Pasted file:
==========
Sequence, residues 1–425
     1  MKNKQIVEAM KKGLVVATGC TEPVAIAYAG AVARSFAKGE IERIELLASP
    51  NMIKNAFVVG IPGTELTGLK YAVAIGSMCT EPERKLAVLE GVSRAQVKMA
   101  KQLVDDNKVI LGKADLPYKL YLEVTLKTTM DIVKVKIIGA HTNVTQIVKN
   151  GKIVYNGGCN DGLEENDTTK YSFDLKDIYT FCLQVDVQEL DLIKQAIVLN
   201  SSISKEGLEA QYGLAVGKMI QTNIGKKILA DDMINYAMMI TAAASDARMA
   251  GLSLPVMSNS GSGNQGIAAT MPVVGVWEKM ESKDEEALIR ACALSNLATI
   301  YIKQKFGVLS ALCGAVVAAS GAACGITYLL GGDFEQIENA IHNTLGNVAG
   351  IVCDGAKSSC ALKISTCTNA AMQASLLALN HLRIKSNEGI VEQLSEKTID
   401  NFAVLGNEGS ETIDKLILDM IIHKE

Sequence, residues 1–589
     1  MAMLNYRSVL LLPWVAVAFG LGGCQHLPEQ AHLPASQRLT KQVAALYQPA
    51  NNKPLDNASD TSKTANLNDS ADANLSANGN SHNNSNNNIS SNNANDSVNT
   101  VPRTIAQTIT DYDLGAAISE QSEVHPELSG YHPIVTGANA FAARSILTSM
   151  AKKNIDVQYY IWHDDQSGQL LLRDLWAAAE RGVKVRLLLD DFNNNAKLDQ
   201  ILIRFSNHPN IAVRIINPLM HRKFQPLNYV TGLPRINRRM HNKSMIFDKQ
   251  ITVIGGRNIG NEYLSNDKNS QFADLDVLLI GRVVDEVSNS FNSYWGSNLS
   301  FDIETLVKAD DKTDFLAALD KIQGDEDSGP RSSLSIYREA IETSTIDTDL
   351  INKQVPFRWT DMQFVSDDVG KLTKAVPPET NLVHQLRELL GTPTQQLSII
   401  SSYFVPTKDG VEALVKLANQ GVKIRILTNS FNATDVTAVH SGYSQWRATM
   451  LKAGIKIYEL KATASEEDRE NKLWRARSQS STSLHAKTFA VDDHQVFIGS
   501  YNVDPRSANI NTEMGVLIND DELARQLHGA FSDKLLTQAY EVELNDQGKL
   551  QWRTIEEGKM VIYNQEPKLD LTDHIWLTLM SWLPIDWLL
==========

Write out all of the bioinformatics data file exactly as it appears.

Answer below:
Sequence, residues 1–425
     1  MKNKQIVEAM KKGLVVATGC TEPVAIAYAG AVARSFAKGE IERIELLASP
    51  NMIKNAFVVG IPGTELTGLK YAVAIGSMCT EPERKLAVLE GVSRAQVKMA
   101  KQLVDDNKVI LGKADLPYKL YLEVTLKTTM DIVKVKIIGA HTNVTQIVKN
   151  GKIVYNGGCN DGLEENDTTK YSFDLKDIYT FCLQVDVQEL DLIKQAIVLN
   201  SSISKEGLEA QYGLAVGKMI QTNIGKKILA DDMINYAMMI TAAASDARMA
   251  GLSLPVMSNS GSGNQGIAAT MPVVGVWEKM ESKDEEALIR ACALSNLATI
   301  YIKQKFGVLS ALCGAVVAAS GAACGITYLL GGDFEQIENA IHNTLGNVAG
   351  IVCDGAKSSC ALKISTCTNA AMQASLLALN HLRIKSNEGI VEQLSEKTID
   401  NFAVLGNEGS ETIDKLILDM IIHKE

Sequence, residues 1–589
     1  MAMLNYRSVL LLPWVAVAFG LGGCQHLPEQ AHLPASQRLT KQVAALYQPA
    51  NNKPLDNASD TSKTANLNDS ADANLSANGN SHNNSNNNIS SNNANDSVNT
   101  VPRTIAQTIT DYDLGAAISE QSEVHPELSG YHPIVTGANA FAARSILTSM
   151  AKKNIDVQYY IWHDDQSGQL LLRDLWAAAE RGVKVRLLLD DFNNNAKLDQ
   201  ILIRFSNHPN IAVRIINPLM HRKFQPLNYV TGLPRINRRM HNKSMIFDKQ
   251  ITVIGGRNIG NEYLSNDKNS QFADLDVLLI GRVVDEVSNS FNSYWGSNLS
   301  FDIETLVKAD DKTDFLAALD KIQGDEDSGP RSSLSIYREA IETSTIDTDL
   351  INKQVPFRWT DMQFVSDDVG KLTKAVPPET NLVHQLRELL GTPTQQLSII
   401  SSYFVPTKDG VEALVKLANQ GVKIRILTNS FNATDVTAVH SGYSQWRATM
   451  LKAGIKIYEL KATASEEDRE NKLWRARSQS STSLHAKTFA VDDHQVFIGS
   501  YNVDPRSANI NTEMGVLIND DELARQLHGA FSDKLLTQAY EVELNDQGKL
   551  QWRTIEEGKM VIYNQEPKLD LTDHIWLTLM SWLPIDWLL